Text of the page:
Sunday, January 26, 2014

The changing face of psychology

 Psychology is championing important changes to culture and practice, including a greater emphasis on transparency, reliability, and adherence to the scientific method. Photograph: Sebastian Kaulitzki/Alamy

After 50 years of stagnation in research practices, psychology is leading reforms that will benefit all life sciences.

In 1959, an American researcher named Ted Sterling reported something disturbing. Of 294 articles published across four major psychology journals, 286 had reported positive results – that is, a staggering 97% of published papers were underpinned by statistically significant effects. Where, he wondered, were all the negative results – the less exciting or less conclusive findings? Sterling labelled this publication bias a form of malpractice. After all, getting published in science should never depend on getting the “right results”.

You might think that Sterling’s discovery would have led the psychologists of 1959 to sit up and take notice. Groups would be assembled to combat the problem, ensuring that the scientific record reflected a balanced sum of the evidence. Journal policies would be changed, incentives realigned.

Sadly, that never happened. Thirty-six years later, in 1995, Sterling took another look at the literature and found exactly the same problem – negative results were still being censored. Fifteen years after that, Daniele Fanelli from the University of Edinburgh confirmed it yet again. Publication bias had turned out to be the ultimate bad car smell, a prime example of how irrational research practices can linger on and on.

Now, finally, the tide is turning. A growing number of psychologists – particularly the younger generation – are fed up with results that don’t replicate, journals that value story-telling over truth, and an academic culture in which researchers treat data as their personal property. Psychologists are realising that major scientific advances will require us to stamp out malpractice, face our own weaknesses, and overcome the ego-driven ideals that maintain the status quo.
Here are five key developments to watch in 2014.
1. Replication

The problem: The best evidence for a genuine discovery is showing that independent scientists can replicate it using the same method. If it replicates repeatedly then we can use it to build better theories. If it doesn't then it belongs in the trash bin of history. This simple logic underpins all science – without replication we’d still believe in phlogiston and faster-than-light neutrinos.

In psychology, attempts to closely reproduce previous methods are rarely attempted. Psychologists tend to see such work as boring, lacking in intellectual prowess, and a waste of limited resources. Some of the most prominent psychology journals even have explicit policies against publishing replications, instead offering readers a diet of fast food: results that are novel, eye catching, and even counter-intuitive. Exciting results are fine provided they replicate. The problem is that nobody bothers to try, which litters the field with results of unknown (likely low) value.

How it’s changing: The new generation of psychologists understands that independent replication is crucial for real advancement and to earn wider credibility in science. A beautiful example of this drive is the Many Labs project led by Brian Nosek from the University of Virginia. Nosek and a team of 50 colleagues located in 36 labs worldwide sought to replicate 13 key findings in psychology, across a sample of 6,344 participants. Ten of the effects replicated successfully.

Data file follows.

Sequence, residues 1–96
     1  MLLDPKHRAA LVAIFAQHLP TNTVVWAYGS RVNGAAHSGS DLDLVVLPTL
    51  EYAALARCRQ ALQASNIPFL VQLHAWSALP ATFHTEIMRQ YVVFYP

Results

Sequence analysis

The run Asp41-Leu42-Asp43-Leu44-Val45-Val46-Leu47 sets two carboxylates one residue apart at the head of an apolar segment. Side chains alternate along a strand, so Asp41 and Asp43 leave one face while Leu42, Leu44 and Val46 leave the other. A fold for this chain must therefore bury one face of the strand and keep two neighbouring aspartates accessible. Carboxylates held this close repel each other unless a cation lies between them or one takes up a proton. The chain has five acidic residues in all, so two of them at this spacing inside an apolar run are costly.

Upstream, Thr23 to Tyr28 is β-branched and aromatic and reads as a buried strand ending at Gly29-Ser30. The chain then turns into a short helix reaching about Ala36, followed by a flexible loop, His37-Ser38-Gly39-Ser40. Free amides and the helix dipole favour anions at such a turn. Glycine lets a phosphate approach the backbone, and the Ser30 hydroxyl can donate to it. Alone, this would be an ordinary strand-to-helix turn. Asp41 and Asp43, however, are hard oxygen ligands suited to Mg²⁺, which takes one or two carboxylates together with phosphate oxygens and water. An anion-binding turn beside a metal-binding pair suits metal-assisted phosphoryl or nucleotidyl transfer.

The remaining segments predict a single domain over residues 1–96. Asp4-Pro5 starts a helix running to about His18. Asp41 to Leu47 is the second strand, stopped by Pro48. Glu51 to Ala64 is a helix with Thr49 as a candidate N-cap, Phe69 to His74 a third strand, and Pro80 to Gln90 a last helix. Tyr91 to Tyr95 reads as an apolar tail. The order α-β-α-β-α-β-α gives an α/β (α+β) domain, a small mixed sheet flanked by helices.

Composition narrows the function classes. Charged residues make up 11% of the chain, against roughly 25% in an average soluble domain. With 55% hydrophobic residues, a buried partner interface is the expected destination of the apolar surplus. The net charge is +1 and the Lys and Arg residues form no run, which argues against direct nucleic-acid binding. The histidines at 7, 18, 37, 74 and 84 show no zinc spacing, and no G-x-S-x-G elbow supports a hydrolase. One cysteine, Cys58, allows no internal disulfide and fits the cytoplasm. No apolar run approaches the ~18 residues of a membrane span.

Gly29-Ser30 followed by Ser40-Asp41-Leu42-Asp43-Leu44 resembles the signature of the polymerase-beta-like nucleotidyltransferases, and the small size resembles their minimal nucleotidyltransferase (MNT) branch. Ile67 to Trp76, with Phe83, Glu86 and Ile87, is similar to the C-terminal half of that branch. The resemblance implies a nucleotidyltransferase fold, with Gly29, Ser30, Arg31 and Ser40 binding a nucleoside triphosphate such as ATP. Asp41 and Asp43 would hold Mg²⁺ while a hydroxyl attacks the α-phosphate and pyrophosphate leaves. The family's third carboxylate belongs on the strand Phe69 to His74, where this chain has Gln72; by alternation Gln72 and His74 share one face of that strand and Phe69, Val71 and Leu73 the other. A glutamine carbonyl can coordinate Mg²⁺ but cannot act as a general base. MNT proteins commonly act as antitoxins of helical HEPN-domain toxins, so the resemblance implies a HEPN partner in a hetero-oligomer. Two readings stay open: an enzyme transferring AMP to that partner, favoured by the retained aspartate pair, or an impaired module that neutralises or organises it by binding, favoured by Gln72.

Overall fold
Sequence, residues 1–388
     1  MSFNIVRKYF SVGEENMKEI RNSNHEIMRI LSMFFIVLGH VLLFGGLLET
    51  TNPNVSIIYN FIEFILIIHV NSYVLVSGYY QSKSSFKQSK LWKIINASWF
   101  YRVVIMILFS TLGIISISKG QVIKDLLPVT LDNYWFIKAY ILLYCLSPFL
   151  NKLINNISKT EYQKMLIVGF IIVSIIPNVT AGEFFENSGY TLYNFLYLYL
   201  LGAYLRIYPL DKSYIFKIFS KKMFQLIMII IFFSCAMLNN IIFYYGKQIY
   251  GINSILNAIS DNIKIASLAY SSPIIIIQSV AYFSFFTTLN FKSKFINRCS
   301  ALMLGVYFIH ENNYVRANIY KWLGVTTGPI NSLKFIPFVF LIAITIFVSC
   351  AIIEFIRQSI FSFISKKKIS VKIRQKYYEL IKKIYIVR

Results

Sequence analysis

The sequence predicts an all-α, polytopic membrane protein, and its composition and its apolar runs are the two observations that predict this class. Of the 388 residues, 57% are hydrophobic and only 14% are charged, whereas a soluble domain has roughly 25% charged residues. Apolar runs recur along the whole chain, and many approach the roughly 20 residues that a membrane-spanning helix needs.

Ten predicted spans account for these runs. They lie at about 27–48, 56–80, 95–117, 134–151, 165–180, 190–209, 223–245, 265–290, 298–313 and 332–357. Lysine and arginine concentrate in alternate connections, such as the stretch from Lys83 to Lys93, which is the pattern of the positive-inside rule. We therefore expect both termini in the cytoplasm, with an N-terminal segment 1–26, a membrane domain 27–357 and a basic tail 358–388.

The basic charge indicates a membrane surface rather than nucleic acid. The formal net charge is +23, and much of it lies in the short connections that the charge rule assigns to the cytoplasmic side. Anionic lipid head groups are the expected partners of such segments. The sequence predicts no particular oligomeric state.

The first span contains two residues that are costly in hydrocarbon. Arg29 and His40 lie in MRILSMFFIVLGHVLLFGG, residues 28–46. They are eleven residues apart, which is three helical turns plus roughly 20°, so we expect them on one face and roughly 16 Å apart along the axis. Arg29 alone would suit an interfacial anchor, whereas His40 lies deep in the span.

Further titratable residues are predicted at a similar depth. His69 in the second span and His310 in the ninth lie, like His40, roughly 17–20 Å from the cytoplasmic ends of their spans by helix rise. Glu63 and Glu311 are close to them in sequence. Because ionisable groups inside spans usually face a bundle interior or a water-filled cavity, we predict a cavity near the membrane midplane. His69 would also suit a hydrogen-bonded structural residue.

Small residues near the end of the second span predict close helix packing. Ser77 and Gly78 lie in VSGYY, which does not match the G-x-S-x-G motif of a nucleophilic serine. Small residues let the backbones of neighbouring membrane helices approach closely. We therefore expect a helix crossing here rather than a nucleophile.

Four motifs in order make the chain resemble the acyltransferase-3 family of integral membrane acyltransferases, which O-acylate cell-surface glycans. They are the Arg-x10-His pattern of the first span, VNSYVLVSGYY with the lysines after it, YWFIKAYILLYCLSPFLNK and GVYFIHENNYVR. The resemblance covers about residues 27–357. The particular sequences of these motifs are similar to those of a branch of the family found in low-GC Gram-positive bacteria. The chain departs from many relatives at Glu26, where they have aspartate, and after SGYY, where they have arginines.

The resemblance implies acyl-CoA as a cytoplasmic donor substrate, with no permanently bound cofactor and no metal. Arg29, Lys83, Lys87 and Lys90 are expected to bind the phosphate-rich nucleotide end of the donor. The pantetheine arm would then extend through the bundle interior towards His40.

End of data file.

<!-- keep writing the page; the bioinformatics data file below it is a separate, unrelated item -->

Journals are also beginning to respect the importance of replication. The prominent outlet Perspectives on Psychological Science recently launched an initiative that specifically publishes direct replications of previous studies. Meanwhile, journals such as BMC Psychology and PLOS ONE officially disown the requirement for researchers to report novel, positive findings.

2. Open Access 

The problem: Strictly speaking, most psychology research isn’t really “published” – it is printed within journals that expressly deny access to the public (unless you are willing to pay for a personal subscription or spend £30+ on a single article). Some might say this is no different to traditional book publishing, so what's the problem? But remember that the public being denied access to science is the very same public that already funds most psychology research, including the subscription fees for universities. So why, you might ask, is taxpayer-funded research invisible to the taxpayers that funded it? The answer is complicated enough to fill a 140-page government report, but the short version is that the government places the business interests of corporate publishers ahead of the public interest in accessing science.
How it’s changing: The open access movement is growing in size and influence. Since April 2013, all research funded by UK research councils, including psychology, must now be fully open access – freely viewable to the public. Charities such as the Wellcome Trust have similar policies. These moves help alleviate the symptoms of closed access but don’t address the root cause, which is market dominance by traditional subscription publishers. Rather than requiring journals to make articles publicly available, the research councils and charities are merely subsidising those publishers, in some cases paying them extra for open access on top of their existing subscription fees. What other business in society is paid twice for a product that it didn’t produce in the first place? It remains a mystery who, other than the publishers themselves, would call this bizarre set of circumstances a “solution”.

3. Open Science

The problem: Data sharing is crucial for science but rare in psychology. Even though ethical guidelines require authors to share data when requested, such requests are usually ignored or denied, even when coming from other psychologists. Failing to publicly share data makes it harder to do meta-analysis and easier for unscrupulous researchers to get away with fraud. The most serious fraud cases, such as Diederik Stapel, would have been caught years earlier if journals required the raw data to be published alongside research articles.

How it’s changing: Data sharing isn’t yet mandatory, but it is gradually becoming unacceptable for psychologists not to share. Evidence shows that studies which share data tend to be more accurate and less likely to make statistical errors. Public repositories such as Figshare and the Open Science Framework now make the act of sharing easy, and new journals including the Journal of Open Psychology Data have been launched specifically to provide authors with a way of publicising data sharing.